Michael Leibrock, DTCC’s Chief Systemic Risk Officer, sat down with DTCC Connection recently to discuss the emerging risks facing the financial services industry in 2017.
What are the top emerging risks to the global financial services industry for 2017?
2016 was dominated by geopolitical risks, starting with the volatility across markets in China, the UK Referendum Vote “Brexit” and concluding with the U.S. election. I would expect to see a continuation of these broader geopolitical and cross-border concerns going forward in 2017.
The 2016 U.S. election results have provided an opportunity for the Republican Party to pursue legislation through their majority positions within both houses of Congress. The Trump administration has started to outline its priorities (over both the first 100 days and duration of its term), as it transitions into a governing role.
The Trump administration has expressed a desire to reduce some of the regulatory requirements impacting financial services firms, including portions of the Dodd-Frank Act and the DOL Fiduciary Rule, among others. Financial services firms have made significant investments and changes to their operating models to comply with these requirements over the past several years and efforts to roll them back introduces some uncertainty to market participants.
Additionally, the Trump administration has shown a willingness to utilize evolving and non-traditional communication techniques (i.e., President Trump’s use of Twitter). In response, financial services firms have been forced to recalibrate some of their market monitoring practices and risk management techniques.
Brexit and its overall impact on the construction of the EU continue to be a focus area for financial services. The triggering of Article 50 will open the two-year negotiating window for the UK to exit the EU. The UK has outlined its initial negotiating positions, whereas a decision on “passporting” may require firms across the financial services industry and all industries to reevaluate their operating models and location strategies.
Elections scheduled across Europe (i.e., France, Netherlands, Germany) in 2017 have the potential to shape the overall construction of the EU going forward, should trends towards populism and nationalism continue.
What are your thoughts on cyber risk moving forward into 2017?
While I wouldn’t classify cyber risk as an emerging risk, it was identified by market participants as the top risk in our most recent DTCC Systemic Risk Barometer Survey, and has been the top risk for each survey since the Barometer Survey was launched in 2013. That being said, I do expect cyber risk be a continued focus and investment area for financial services firms (and all companies) in 2017.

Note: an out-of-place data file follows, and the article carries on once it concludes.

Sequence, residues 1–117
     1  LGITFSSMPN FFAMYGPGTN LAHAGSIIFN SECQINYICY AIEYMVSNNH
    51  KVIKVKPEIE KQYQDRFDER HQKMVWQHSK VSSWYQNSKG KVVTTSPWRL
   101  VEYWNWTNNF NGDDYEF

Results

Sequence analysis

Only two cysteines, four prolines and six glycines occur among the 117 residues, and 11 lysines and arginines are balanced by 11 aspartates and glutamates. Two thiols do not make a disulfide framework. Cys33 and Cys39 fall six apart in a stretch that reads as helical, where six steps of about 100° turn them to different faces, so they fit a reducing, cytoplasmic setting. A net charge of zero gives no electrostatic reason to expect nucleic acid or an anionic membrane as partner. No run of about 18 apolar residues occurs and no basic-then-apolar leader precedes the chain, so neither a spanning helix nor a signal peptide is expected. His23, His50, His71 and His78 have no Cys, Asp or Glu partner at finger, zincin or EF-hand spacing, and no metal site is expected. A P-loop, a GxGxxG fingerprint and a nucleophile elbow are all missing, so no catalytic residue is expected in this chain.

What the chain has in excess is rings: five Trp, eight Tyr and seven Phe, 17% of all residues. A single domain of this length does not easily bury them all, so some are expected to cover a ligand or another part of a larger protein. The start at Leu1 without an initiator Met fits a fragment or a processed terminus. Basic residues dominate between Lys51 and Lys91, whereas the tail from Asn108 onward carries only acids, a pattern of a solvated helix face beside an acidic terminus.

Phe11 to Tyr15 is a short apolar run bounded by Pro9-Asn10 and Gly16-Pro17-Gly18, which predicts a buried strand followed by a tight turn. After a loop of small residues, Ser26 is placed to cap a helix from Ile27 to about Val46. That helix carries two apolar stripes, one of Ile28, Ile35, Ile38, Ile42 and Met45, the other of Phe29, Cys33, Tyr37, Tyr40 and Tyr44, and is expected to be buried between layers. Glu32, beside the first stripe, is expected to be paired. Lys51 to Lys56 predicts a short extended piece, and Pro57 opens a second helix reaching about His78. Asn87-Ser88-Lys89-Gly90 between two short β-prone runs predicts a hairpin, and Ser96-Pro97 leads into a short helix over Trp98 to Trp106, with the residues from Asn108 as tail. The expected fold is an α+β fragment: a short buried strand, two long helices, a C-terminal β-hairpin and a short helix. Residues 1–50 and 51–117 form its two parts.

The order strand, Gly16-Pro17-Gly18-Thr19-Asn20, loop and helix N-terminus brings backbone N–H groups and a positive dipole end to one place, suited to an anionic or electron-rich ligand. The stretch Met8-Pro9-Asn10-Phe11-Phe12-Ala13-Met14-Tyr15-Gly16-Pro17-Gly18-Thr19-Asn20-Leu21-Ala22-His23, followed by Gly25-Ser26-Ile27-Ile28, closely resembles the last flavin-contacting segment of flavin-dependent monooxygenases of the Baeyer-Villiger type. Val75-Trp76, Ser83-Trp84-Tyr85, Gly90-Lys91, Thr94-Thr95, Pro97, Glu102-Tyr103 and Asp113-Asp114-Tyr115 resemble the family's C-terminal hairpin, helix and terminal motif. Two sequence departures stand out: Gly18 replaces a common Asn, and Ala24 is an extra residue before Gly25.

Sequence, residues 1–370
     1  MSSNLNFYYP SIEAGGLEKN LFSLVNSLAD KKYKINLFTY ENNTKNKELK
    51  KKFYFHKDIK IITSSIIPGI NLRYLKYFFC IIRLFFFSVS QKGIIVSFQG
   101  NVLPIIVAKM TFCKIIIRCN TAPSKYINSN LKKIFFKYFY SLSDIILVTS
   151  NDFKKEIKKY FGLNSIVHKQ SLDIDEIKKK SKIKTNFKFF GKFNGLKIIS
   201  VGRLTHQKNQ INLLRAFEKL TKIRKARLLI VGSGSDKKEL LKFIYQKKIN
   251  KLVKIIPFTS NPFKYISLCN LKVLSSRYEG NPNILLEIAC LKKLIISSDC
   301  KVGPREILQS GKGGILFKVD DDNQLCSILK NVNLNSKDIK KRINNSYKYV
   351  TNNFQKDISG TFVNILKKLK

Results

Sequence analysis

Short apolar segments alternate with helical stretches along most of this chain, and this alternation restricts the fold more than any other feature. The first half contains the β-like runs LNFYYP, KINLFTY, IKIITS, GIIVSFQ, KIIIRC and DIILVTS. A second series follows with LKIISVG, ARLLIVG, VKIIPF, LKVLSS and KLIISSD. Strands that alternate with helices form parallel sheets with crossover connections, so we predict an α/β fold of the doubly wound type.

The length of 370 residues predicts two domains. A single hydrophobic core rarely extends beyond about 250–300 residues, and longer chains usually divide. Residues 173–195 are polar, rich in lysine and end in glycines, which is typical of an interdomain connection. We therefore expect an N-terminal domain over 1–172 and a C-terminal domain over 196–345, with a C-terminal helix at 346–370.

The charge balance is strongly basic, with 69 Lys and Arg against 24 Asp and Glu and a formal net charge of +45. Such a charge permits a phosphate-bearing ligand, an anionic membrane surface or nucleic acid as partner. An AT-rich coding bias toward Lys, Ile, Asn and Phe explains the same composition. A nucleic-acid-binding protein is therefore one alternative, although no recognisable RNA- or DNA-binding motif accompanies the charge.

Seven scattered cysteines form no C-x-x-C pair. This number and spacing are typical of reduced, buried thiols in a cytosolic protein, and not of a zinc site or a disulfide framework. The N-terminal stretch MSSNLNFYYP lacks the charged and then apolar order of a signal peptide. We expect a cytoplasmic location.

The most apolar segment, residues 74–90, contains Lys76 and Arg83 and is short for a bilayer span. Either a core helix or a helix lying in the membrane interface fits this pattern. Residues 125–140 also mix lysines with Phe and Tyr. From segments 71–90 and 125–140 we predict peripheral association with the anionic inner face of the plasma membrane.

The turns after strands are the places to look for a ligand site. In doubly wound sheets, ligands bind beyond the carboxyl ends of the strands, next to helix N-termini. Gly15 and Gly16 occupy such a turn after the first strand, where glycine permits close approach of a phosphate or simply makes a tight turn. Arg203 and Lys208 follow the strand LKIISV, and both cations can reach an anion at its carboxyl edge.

The financial services industry represents the largest (non-government) concentration of investment and spending in the area of cyber security. As such, the cyber defense capabilities across financial services firms continue to improve with this investment.
However, the complexity, sophistication and persistence of cyber attacks continue to increase at a faster rate than defense capabilities. Financial services institutions continue to be the targets of cyber attacks, with successful attacks occurring at the Bank of Bangladesh, SWIFT, and Bitfinex, to name a few in 2016.
A number of regulators have provided guidance for financial services firms in order to baseline standards and develop cyber security requirements – but this has created difficulties for firms to harmonize and map their cyber security requirements across the guidance outlined by the various regulatory agencies.
What do you view as the most important lesson of 2016?
2016 highlighted that there are limitations in the ability to forecast and predict both the outcome of events, as well as their impact on markets. During 2016, the financial services industry grew increasingly aware of the need to prepare for the unexpected and the importance of implementing robust risk management practices to increase resiliency.